The D.C. Rollergirls has a double header today at the D.C. Armory (2001 E. Capitol St., S.E.) with the Cherry Blossom Bombshells taking on the D.C. DemonCats in the first bout at 4 p.m. followed by the Majority Whips taking on the Scare Force One. Tickets are $12 for adults, $6 for kids ages 6 to 11 and free for those under 6. For more information and to purchase tickets, visit dcrollergirls.com.

S.h.e. productions presents ReHab, a monthly alternative dance party, featuring DJ Katrina tonight at Grand Central Disco and Sapphos (1001 N. Charles St.) in Baltimore. Doors open at 9 p.m. and there is a $5 cover for this 21-and-older event.

Mixtape D.C. is tonight at the Black Cat (1811 14th St., N.W.), a dance party for queer music lovers and their pals that features DJs Shea Van Horn and Matt Bailer playing an eclectic mix of electro, alt-pop, indie rock, house, disco, new wave and anything else danceable. There is a $10 cover for this event. Doors open at 9:30 p.m.

Sunday, Dec. 11

Black Cat (1811 14th St., N.W.) hosts “Rock-n-Shop,” a rock-and-roll garage sale with music by DJ Baby Alcatraz featuring everying from T-shirts to records and more. Doors open at 8 p.m. This is a free event.

Nellie’s (900 U St., N.W.) presents Drag Brunch hosted by Shi-Queeta Lee today at 11 a.m. with a $20 brunch buffet, then stick around and watch the Washington Redskins take on the New England Patriots or the Baltimore Ravens take on the Indiannapolis Colts today at 1 p.m.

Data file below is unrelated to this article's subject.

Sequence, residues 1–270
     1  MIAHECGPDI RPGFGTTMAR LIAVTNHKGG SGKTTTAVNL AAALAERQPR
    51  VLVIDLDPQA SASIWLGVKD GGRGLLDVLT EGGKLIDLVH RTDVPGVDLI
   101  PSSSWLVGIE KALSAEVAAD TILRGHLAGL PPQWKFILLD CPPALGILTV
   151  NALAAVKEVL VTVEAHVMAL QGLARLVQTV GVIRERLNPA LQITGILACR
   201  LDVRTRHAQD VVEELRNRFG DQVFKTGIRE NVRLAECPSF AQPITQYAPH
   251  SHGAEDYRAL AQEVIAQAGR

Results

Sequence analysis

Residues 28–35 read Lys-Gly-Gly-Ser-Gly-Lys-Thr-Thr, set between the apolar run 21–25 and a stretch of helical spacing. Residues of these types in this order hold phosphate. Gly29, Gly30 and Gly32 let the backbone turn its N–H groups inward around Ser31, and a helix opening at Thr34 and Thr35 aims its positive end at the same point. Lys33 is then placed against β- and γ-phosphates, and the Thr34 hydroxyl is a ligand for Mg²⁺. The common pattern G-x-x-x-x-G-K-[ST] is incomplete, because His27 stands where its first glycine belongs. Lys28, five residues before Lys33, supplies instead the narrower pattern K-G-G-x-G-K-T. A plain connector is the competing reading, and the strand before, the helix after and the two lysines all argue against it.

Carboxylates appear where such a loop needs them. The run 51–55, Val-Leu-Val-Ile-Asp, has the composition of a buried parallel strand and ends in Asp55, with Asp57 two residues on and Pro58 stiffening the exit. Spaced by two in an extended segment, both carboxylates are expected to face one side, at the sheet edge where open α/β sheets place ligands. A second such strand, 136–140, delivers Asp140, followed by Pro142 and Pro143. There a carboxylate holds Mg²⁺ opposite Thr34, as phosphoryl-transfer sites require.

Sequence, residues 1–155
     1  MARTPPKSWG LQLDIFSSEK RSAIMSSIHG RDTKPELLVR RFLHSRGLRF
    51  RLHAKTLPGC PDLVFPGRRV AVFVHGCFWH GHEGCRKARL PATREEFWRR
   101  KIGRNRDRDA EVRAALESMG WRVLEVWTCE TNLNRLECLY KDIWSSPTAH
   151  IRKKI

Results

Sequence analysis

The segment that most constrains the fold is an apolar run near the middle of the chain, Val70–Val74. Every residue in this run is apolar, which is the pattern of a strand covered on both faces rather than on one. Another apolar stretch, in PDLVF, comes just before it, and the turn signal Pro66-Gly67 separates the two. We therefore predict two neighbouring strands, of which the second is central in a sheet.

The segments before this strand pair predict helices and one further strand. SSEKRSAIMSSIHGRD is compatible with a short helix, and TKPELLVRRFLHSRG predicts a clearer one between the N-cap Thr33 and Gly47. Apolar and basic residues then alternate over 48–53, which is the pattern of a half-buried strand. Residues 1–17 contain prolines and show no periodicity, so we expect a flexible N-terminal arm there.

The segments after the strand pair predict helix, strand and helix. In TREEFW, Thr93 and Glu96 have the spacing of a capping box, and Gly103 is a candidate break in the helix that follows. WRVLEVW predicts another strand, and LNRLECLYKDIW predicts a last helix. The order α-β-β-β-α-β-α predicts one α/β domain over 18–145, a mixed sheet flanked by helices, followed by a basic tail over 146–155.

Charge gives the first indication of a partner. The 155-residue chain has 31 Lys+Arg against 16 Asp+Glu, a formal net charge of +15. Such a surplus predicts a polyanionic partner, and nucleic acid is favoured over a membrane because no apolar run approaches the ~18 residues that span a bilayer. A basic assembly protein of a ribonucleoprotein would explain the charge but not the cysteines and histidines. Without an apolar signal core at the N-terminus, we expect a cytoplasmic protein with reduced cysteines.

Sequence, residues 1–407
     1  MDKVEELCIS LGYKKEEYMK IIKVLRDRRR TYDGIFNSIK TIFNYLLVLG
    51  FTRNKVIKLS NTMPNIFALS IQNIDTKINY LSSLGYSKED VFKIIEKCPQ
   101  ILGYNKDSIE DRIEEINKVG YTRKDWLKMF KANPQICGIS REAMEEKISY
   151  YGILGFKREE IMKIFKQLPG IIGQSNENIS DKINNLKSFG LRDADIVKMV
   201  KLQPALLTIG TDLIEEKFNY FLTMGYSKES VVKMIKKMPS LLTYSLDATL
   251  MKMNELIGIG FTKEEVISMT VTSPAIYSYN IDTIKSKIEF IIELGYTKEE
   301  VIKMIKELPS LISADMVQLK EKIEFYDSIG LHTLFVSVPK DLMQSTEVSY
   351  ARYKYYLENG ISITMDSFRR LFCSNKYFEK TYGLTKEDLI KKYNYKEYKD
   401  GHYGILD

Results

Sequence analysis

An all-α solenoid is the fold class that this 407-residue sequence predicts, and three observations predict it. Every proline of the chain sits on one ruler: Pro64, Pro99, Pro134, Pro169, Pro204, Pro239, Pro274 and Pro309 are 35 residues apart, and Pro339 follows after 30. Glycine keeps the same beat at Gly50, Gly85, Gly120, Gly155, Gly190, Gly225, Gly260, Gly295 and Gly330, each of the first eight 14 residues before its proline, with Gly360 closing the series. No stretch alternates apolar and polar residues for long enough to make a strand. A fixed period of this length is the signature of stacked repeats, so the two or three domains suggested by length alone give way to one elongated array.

National Symphony Orchestra Pops presents “The Perfect Gift” with the Canadian Tenors tonight at 7 p.m. at the Kennedy Center (2700 F St., N.W.) Tickets range from $20 to $85 and can be purchased online at kennedy-center.org.

Monday, Dec. 12

Busboys & Poets presents Monday night open mic poetry hosted by poet-in-residence Beny Blaq tonight at 8 p.m. in the Robeson room of its Shirlington location (4251 South Campbell Ave., Arlington). The list to perform is announced at 8 p.m. Wristbands are $4 and will be on sale starting at 10 a.m. in the Global Exchange store until sold out.

D.C.’s Gay Flag Football League presents Men’s Speed Dating tonight from 7 to 10 p.m. at Nellie’s (900 U St., N.W.). There’s a $15 cover with $3 drink specials. Check in begins at 6 p.m.

Tuesday, Dec. 13

The Kennedy Center (2700 F St., N.W.) presents the opening of its production of “Billy Elliot: The Musical” directed by Stephen Daldry and featuring music by Elton John, tonight at 7:30 p.m. Tickets range from $25 to $150 and can be purchased online at kennedy-center.org.